Root Canal Therapy

Root canal therapy is needed when the nerve of a tooth is affected by decay or infection. In order to save the tooth, the pulp (the living tissue inside the tooth), nerves, bacteria, and any decay are removed and the resulting space is filled with special, medicated, dental materials, which restore the tooth to its full function.

Having a root canal done on a tooth is the treatment of choice to save a tooth that otherwise would die and have to be removed. Many patients believe that removing a tooth that has problems is the solution, but what is not realized is that extracting (pulling) a tooth will ultimately be more costly and cause significant problems for adjacent teeth.

Root canal treatment is highly successful and usually lasts a lifetime, although on occasion, a tooth will have to be retreated due to new infections.

What is a root canal?

Under the hard outer layer of your tooth there are tiny channels, called root canals, that run like threads down to the roots. These root canals contain pulp, which is made up of nerves and blood vessels that provide nutrients to your tooth.

Sometimes chips, cracks or a deep cavity can let bacteria inside your tooth, causing the pulp to become infected or inflamed. A blow or injury to your tooth can also cause pulp damage. Left untreated, an infected pulp can be very painful and may cause an abscess (a germ-filled collection of pus) to develop.

Signs and symptoms for possible root canal therapy:

  • An abscess (or pimple) on the gums
  • Sensitivity to hot and cold
  • Severe toothache pain
  • Sometimes no symptoms are present
  • Swelling and/or tenderness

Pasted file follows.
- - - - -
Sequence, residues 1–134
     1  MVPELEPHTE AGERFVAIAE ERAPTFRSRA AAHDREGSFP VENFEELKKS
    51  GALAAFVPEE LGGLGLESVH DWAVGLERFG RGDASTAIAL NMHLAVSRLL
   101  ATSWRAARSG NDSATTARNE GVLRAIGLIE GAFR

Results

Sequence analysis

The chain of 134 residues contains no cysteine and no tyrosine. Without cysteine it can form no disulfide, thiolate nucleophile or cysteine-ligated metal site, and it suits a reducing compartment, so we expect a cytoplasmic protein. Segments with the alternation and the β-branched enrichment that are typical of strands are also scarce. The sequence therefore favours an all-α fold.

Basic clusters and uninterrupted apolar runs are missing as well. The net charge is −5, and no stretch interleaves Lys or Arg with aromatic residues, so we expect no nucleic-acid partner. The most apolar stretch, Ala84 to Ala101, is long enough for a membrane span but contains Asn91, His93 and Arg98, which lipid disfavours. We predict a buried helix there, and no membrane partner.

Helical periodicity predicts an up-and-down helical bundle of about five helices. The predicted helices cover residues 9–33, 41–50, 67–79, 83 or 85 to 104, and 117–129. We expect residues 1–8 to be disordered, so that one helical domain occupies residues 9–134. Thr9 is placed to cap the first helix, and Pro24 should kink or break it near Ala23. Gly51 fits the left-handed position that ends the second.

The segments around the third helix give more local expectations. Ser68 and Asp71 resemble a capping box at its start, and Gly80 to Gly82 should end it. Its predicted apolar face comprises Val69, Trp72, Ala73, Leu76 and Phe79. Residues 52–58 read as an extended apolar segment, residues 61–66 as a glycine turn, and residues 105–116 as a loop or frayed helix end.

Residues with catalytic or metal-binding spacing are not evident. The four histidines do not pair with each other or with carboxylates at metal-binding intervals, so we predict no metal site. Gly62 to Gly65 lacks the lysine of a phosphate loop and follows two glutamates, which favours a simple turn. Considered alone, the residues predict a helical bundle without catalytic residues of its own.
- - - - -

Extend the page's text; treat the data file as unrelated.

Reasons for root canal therapy:

  • Decay has reached the tooth pulp (the living tissue inside the tooth)
  • Infection or abscess have developed inside the tooth or at the root tip
  • Injury or trauma to the tooth

What does root canal therapy involve?

A root canal procedure requires one or more appointments and can be performed by a dentist or endodontist (a root canal specialist).

During root canal therapy, your dentist will make a small opening in your tooth and remove the infected pulp. Your tooth can continue to survive without a pulp because it will be nourished by surrounding gum tissue. Once the diseased pulp is cleaned out, the canal will be filled and the opening sealed shut. Your tooth will continue to function normally, but may need a crown for additional protection and strength. A root canal will not only relieve your pain and save your tooth, it will also keep your smile healthy and protect you from the aging effects of missing teeth.

After treatment, your tooth may still be sensitive, but this will subside as the inflammation diminishes and the tooth has healed.

You will be given care instructions after each appointment. Good oral hygiene practices and regular dental visits will aid in the life of your root canal treatment.

If you have questions about root canal therapy or would like to schedule a consultation, please contact our office.